Prime Minister Narendra Modi is in Arunachal, just days ahead of the 60th anniversary of the end of the India-China war of 1962, to inaugurate the state's first greenfield airport, Donyi Polo Airport, in Itanagar.
The airport, built as part of a massive infrastructure development push in the Northeast by the center, is estimated to service some 20 lakh people in the region and help boost tourism in the state.
Over the last decade, China has used tourism to consolidate its border with India in Tibet. The growth in tourism, enabled by the massive development of infrastructure in border areas, has turned border villages into new tourist hotspots and herders into hoteliers.
Earnings from tourism — as high as 100,000 yuan ($15,000) in a season in some cases — act as an incentive for people to move to border areas from the interiors of Tibet, increasing the population along the frontier.
For instance, Nyingchi, a city in Tibet located around 40 km from the frontier with Arunahcal, has turned into a tourist hub.
Tourist arrivals in the city have gone up sharply in the last few years with the construction of an airport in Mainling.
It was at this airport, located only 15 km away from Tibet's border with Arunachal, that Chinese President Xi Jinping landed in 2021 for his first visit to Tibet after assuming the leadership of the Chinese Communist Party (CCP) in 2012.
In the last five years, Nyingchi has received over 32 million tourist trips, and revenue from tourism stands at 24 billion yuan ($3.69 billion).
China also opened a 450-km-long railway line linking Nyingchi to Lhasa in June last year. The Lhasa-Nyingchi rail line is part of the longer, 1,600-km-long Sichuan-Tibet line that will link Lhasa, the capital of Tibet, with Chengdu, a city east of Arunachal Pradesh.
The headquarter of China's Western Theatre Command, which is responsible for the frontier with India from Arunachal to Ladakh, is located in Chengdu.
During his Tibet visit, the Chinese President also visited the Nyingchi railway station to inspect the Sichuan-Tibet railway line, and then took a train to Lhasa.
"Xi went to Nyingchi railway station, learning about the overall designing of the Sichuan-Tibet Railway and the operation of Lhasa-Nyingchi section, and then took a train to capital Lhasa. He inspected the construction along the railway during the ride," the China Daily reported then.
The remaining 1,100-km long section of the line, a part (Chengdu-Ya'an section) of which is already complete, is expected to be ready by 2030.
Tourism is a critical piece of the CCP's larger plan for Tibet's border areas. It was little surprise when Xi, during his Tibet visit last year, stopped at Galai, a village that has ushered in "spring for Tibetan tourism" and now serves as a model for the border tourism project. The village famous for its "peach blossoms" has become "prosperous through rural tourism".
China is building over 600 border villages along Tibet's frontier, some in Indian and Bhutanese territory under its occupation.
Apart from spending billions on infrastructure development, China has used economic incentives, including annual subsidies going up to 12,000 yuan ($1,800), to get reluctant Tibetans to move to border villages. Growing earnings from tourism are one such incentive for people to move.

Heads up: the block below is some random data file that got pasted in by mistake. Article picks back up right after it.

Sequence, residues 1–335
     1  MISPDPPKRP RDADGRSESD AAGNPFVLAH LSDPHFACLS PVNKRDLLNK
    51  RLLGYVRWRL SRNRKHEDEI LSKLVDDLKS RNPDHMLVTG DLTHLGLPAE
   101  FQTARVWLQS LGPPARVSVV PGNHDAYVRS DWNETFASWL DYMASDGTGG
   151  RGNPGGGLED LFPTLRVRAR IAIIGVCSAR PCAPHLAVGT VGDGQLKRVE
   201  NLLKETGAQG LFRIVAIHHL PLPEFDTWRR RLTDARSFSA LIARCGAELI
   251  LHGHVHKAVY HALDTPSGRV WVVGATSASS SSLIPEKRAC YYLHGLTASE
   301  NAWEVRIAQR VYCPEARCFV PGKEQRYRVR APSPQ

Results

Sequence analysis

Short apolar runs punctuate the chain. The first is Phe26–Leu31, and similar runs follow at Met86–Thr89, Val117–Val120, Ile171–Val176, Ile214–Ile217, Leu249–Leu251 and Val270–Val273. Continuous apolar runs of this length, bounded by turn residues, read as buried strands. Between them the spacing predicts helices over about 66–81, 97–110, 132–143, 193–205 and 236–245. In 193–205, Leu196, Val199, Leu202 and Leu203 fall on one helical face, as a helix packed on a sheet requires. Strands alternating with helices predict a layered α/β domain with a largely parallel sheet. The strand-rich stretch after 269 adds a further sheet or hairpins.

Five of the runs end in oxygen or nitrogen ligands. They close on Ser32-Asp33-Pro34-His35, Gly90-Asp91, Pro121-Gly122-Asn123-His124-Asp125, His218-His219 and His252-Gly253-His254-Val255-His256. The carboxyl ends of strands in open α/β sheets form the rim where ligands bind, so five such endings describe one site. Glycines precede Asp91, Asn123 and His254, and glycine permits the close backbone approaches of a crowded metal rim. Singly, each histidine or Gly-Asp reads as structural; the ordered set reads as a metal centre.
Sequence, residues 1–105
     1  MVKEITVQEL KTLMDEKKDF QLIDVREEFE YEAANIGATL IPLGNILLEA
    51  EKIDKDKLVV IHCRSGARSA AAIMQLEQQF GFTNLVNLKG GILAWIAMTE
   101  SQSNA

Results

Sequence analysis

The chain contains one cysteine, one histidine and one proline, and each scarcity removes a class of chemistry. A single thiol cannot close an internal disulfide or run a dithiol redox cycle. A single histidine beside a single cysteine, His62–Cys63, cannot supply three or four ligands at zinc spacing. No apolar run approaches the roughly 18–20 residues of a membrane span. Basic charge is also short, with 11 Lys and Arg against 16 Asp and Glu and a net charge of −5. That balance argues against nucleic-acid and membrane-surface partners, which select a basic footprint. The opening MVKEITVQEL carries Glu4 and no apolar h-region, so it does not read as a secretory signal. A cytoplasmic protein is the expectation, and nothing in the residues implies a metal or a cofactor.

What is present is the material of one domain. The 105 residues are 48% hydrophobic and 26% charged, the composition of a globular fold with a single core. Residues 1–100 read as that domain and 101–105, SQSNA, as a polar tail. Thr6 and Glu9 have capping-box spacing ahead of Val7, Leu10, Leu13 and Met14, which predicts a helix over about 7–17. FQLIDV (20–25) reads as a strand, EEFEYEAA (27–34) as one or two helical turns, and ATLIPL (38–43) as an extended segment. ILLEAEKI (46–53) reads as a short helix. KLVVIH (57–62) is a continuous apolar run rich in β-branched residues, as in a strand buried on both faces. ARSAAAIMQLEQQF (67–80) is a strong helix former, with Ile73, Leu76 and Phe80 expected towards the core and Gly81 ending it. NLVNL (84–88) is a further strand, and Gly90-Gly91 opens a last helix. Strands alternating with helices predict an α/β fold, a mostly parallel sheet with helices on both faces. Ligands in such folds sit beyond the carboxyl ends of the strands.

China's efforts seem to be working — the population of border areas has grown by 10.5 per cent, Wu Yingjie, the Communist Party secretary for Tibet, revealed in August, at an event marking the seventieth anniversary of the "peaceful liberation of Tibet."
In the 21 border counties of Tibet, the per capita disposable income of rural residents has "reached 14,000 yuan in 2020, a year-on-year increase of 12.7 per cent".
India's Border Infrastructure Drive
India is developing model villages of its own along the frontier with Tibet in Arunachal. The Eastern Command of the Army has been working with the state government for the development of these villages.
"We have come up with a border village initiative, in which we have identified three to four villages, which we have plans to develop as model villages," Army Chief General Manoj Pande, then the General Officer Commanding-in-Chief Eastern Command, said in late 2021.
Since then, India has also launched the Vibrant Villages Programme for the northern border. The centre has also allocated six times more funds for the development of border infrastructure in Arunachal.
The allocation for the Border Infrastructure and Management Scheme in Arunachal has been increased from Rs 42.87 crore in 2020-21 to Rs 249.12 in 2021-22.
These developments have been accompanied by a sharp increase in the budget for the Border Roads Organisation (BRO), responsible for the construction and maintenance of roads along India's frontiers.
In the 2021-22 budget, the government has increased the capital outlay for the BRO by 40 per cent to Rs 3,500 crore.
India has built 2,088 km of roads in areas bordering China in the last five years with an expenditure of Rs 15,477 crore.
More recently, the centre has notified amendments to environmental impact assessment rules, exempting highway projects related to defence and strategic importance within 100 km of the LAC or the border from the requirement of environmental clearance.
Last week, Nitin Gadkari, the Minister for Road Transport and Highways, announced highway projects in Arunachal with a total length of 2,574 km and a total sanctioned cost of Rs 44,000 crore. This includes the frontier highway, which will connect regions along the border with Tibet.
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